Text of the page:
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4

1. Introduce a new independent variable $s=bt$ to get rid of $b$, and w.l.o.g., assume that the vector $b$ points along $e_1$, $b=be_1$: $$ \frac{dx}{ds} = 2x_1x-x^2e_1, $$ $$ \dot x_1 = x_1^2-x_2^2-\cdots-x_n^2, \qquad \dot x_i = 2x_1x_i, $$ where, since $x_1$ is special, the index $i$ ranges over $2,\ldots,n$. 2. Introduce the change of variables $(z, w) ...


4

For a Lie group $G$, there is an exponential map $\operatorname{exp}:g\to G$ (where $g$ is the corresponding Lie algebra) such that $\operatorname{exp}\{tA\}$ is just the one-parameter subgroup of $G$ with tangent vector $A$ at $e$. For matrix groups, this is just the usual matrix exponential $e^{At}$. Now note that ...


3

Howard Georgi's "Lie Algebras in Particle Physics" is good, if more intended for the physicist going towards the math than vice versa. It should provide a lot of context, though, and there's a PDF version floating around on google. I'd say similar things about these two introductions to aspects of high-energy theory [1] [2]. I'll see if I can remember some ...


3

Left and right translations are not Lie group homomorphisms; they don't even preserve the identity, and the induced map on Lie algebras is obtained by looking at derivatives at the identity. However, conjugation by a fixed element $g \in G$ is, and the induced map on $\mathfrak{g}$ gives a representation $G \to \text{Aut}(\mathfrak{g})$ called the adjoint ...


2

The products and linear combinations of gamma matrices form a clifford algebra; the algebraic properties of elements of this algebra do not depend in any way whatsoever on the actual matrices you use to represent the basis elements. It helps, then, to think about the gamma matrices not as matrices but as basis vectors for Minkowski spacetime. In ...


2

Peter Woit, the author of the book "Not Even Wrong" and a blog by the same name, has been working on a book on quantum mechanics as described by representation theory. The latest draft may be found at the following link: Quantum Theory, Groups and Representations: An Introduction.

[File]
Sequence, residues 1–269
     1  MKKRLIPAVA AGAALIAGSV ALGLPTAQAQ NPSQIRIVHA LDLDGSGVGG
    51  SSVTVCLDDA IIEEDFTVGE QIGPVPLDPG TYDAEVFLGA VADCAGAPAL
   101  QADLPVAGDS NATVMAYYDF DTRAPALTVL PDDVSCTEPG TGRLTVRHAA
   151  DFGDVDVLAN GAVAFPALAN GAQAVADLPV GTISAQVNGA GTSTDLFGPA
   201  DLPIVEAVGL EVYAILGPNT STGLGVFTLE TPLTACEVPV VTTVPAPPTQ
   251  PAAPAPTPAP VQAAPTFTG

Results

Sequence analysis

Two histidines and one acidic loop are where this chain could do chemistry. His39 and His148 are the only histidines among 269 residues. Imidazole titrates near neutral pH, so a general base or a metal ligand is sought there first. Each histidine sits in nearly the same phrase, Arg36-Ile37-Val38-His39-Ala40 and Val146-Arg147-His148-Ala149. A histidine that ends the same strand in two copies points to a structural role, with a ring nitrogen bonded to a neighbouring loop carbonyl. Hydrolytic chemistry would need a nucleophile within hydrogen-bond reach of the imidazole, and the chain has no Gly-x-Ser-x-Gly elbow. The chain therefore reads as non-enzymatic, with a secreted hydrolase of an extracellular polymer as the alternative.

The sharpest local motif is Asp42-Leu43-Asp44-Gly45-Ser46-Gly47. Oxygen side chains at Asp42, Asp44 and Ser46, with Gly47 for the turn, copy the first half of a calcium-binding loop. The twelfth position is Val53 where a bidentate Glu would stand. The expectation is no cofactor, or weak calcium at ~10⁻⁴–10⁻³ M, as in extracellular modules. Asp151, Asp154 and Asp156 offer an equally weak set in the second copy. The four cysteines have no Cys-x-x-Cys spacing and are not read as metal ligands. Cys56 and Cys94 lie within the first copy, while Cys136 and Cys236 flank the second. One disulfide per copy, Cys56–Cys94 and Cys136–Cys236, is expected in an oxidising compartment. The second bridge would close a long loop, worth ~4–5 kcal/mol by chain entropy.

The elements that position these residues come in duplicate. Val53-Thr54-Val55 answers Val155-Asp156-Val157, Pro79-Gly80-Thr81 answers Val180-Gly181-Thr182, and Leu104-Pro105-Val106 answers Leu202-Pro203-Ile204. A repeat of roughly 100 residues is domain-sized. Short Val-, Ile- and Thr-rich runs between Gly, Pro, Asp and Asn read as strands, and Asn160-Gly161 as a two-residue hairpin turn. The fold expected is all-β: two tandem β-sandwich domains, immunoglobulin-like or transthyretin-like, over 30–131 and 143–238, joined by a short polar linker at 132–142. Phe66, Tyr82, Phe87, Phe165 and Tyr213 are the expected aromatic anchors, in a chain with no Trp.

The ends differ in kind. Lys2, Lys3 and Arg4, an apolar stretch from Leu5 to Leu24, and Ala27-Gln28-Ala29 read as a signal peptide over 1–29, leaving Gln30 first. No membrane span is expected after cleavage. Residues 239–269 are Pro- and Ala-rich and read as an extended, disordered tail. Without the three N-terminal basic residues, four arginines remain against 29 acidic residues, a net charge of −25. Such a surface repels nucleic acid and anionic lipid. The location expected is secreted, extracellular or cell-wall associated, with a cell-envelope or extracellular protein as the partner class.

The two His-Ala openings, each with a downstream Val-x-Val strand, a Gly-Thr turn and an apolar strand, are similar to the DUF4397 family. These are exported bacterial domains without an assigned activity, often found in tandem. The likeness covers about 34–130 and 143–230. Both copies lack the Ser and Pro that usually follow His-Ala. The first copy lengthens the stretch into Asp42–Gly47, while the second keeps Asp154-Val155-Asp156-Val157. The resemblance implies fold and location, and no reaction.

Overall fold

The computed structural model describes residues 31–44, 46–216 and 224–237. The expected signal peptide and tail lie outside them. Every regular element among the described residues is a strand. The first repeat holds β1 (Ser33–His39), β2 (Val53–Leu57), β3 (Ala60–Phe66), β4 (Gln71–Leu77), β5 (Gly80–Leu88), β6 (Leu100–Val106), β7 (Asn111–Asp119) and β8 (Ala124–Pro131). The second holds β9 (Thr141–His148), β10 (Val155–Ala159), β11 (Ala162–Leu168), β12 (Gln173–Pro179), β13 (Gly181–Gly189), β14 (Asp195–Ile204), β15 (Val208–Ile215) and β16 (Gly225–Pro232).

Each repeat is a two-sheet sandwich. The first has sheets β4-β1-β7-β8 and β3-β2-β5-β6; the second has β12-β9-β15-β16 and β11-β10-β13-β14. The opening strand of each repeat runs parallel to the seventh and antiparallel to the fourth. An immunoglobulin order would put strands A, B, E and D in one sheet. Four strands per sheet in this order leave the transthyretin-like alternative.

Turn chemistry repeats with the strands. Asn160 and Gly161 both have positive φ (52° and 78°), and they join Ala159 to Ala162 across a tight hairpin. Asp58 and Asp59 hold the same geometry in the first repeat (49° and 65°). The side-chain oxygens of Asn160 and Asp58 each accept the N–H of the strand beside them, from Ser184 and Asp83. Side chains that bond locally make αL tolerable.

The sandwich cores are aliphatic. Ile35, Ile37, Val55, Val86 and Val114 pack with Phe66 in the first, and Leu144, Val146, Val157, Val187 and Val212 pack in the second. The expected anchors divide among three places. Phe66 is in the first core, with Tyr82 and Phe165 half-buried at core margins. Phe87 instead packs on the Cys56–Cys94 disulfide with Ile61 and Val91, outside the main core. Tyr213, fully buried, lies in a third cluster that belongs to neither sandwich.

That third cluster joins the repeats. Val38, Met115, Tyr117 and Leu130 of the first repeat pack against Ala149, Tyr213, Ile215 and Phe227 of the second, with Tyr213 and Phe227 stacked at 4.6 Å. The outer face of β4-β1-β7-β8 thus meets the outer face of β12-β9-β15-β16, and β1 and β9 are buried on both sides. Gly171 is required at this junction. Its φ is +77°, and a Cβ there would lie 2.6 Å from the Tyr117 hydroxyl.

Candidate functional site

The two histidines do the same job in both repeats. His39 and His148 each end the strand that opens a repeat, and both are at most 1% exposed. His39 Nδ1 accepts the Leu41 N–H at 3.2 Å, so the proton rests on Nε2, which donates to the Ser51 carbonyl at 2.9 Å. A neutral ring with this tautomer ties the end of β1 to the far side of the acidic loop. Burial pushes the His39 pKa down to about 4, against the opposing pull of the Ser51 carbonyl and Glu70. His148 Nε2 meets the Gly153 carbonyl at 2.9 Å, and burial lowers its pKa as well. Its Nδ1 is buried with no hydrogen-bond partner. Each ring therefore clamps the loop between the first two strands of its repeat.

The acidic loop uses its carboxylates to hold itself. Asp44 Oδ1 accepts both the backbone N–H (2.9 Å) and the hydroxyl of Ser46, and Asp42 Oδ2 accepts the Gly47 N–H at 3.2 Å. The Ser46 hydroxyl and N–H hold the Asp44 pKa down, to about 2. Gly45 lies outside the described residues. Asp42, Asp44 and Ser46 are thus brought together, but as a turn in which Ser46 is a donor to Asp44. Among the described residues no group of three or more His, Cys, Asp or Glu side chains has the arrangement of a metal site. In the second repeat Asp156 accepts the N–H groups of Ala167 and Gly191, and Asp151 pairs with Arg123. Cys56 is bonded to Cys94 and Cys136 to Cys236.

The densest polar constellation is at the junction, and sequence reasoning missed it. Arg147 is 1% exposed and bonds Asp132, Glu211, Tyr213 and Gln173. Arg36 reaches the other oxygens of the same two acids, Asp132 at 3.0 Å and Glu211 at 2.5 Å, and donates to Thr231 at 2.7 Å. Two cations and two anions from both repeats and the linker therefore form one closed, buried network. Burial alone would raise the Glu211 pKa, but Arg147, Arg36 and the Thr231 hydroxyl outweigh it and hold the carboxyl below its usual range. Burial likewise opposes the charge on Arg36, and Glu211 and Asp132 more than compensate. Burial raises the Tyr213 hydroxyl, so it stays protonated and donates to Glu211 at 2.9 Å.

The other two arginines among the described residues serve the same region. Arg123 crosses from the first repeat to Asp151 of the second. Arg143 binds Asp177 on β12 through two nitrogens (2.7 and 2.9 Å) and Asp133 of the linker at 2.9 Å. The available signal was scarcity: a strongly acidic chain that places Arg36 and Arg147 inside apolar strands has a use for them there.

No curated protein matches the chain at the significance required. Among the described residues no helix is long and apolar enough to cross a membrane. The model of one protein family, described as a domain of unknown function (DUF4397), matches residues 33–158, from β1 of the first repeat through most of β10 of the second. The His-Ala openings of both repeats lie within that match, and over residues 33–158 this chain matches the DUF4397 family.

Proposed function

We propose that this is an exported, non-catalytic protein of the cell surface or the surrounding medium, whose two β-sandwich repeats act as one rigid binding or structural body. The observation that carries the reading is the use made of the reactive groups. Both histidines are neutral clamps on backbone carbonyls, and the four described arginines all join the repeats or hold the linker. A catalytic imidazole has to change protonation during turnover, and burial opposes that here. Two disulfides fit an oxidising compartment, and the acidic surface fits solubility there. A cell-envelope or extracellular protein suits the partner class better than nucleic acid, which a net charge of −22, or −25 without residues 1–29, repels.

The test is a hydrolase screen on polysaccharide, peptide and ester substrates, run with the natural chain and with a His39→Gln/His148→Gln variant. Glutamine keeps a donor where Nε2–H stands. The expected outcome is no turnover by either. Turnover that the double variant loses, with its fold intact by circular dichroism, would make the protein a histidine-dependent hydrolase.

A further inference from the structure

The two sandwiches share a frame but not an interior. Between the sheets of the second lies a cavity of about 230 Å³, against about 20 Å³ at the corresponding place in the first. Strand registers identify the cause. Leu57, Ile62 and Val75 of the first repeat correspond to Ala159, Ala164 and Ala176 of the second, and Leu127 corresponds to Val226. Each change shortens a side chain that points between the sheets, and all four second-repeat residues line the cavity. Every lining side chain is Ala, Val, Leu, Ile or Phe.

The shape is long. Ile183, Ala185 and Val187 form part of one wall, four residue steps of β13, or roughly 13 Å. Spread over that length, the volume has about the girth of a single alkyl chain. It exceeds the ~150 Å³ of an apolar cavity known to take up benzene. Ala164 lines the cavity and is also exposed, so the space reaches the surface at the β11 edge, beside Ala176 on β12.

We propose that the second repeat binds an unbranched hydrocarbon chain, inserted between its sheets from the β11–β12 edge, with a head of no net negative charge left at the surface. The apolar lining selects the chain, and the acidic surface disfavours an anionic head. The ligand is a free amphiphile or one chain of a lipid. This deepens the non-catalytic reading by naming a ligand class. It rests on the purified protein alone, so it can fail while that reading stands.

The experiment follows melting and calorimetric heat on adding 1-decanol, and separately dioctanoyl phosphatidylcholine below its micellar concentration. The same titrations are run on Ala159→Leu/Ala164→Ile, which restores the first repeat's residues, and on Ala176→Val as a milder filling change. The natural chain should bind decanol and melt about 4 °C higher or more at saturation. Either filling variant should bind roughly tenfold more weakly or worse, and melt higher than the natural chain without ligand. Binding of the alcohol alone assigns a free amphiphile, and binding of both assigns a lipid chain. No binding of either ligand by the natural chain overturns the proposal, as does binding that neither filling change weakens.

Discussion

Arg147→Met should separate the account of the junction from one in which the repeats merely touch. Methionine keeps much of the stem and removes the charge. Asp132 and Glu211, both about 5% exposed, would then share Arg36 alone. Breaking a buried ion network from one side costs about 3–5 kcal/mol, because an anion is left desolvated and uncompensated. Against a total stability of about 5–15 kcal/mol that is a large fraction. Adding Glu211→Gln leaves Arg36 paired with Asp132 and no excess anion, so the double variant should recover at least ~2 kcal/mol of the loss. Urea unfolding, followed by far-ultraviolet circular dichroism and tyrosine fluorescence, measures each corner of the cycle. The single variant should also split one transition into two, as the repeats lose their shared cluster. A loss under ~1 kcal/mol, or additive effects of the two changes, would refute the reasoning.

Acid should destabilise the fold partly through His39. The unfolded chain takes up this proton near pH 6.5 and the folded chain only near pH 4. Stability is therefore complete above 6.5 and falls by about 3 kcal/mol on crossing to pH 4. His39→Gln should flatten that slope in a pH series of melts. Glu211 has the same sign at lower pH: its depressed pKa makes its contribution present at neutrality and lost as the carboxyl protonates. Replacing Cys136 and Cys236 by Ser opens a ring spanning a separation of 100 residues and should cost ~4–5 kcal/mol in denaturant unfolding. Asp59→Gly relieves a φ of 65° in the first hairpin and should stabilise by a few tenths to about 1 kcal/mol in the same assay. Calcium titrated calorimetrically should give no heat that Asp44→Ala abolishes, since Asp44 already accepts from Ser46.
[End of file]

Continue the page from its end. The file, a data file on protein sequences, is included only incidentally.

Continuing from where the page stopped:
2

What you write probably makes sense only for matrix Lie groups and algebras: the last term $\gamma'(0) Y (-\gamma(0)^{-1} \gamma'(0) \gamma(0)^{-1})$ should probably be $\gamma(0) Y (-\gamma(0)^{-1} \gamma'(0) \gamma(0)^{-1})$. Then the rest follows from the matrix identity $$\frac{d}{dt} A^{-1}(t)=-A^{-1}(t) \big(\frac{d}{dt} A(t)\big) \,A^{-1}(t)$$ ...


2

There is a purely geometrical explanation. First, let $n=2$, and consider $\mathrm{SL}(2,\mathbb{R})$. Let $X : [0,1) \to \mathrm{SL}(2,\mathbb{R})$ be a smooth path, with $X(0) =E$, where $E$ is the identity. $$X(t) = \left[\begin{array}{cc} a(t) & b(t) \\ c(t) & d(t) \end{array}\right]$$ where $\det[X(t)] = (ad-bc)(t) = 1$ for all $t$. The ...


2

Your action 2 is not even well-defined if $\mathfrak{h}$ is not commutative: Let $i<j$ such that $[x_i,x_j]\neq0$. Then $$(x_ix_j)\cdot1=x_ix_j=(x_jx_i)\cdot1,$$ hence: $$0\neq[x_i,x_j]=[x_i,x_j]\cdot1=(x_ix_j-x_jx_i)\cdot1=0,$$ which is impossible.


2

If the Lie algebra derive from an associative Algebra, with the definition $$ [u,v]=uv-vu, $$ then you can easily prove that $$ [uv,w]=u[v,w]+[u,w]v. $$ For a situation like this: $$ [x_1^ex_2^fx_3^g,x_5] $$ with $e$, $f$, $g$ positive integers, you should have \begin{align} [x_1^ex_2^fx_3^g,x_5]&=\sum_{h=0}^{e-1} x_1^h ...


2

From the definition of the set $\Pi$ it is immediate that $\sigma(\Pi)=\Pi$ for all $\sigma\in W$. By Lemma 13.2A we have $\sigma\mu\prec\mu$ for all dominant weights $\mu$ and all $\sigma\in W$. This allows us to redescribe the set $\Pi$ as $$ \Pi=\{\mu\in\Lambda\mid \sigma\mu\prec\lambda\ \text{for all $\sigma\in W$}\}.\qquad(*) $$ Let then $\mu\in\Pi$ and ...


2

When you ask that $G \times G \to G$ is a smooth map, it means "with respect to the smooth structure you put on $G$ and the product differentiable structure on $G \times G$", so that asking this map to be smooth makes sense since it becomes a map between smooth manifolds and you can ask yourself this question. So somewhere you already assumed there was a ...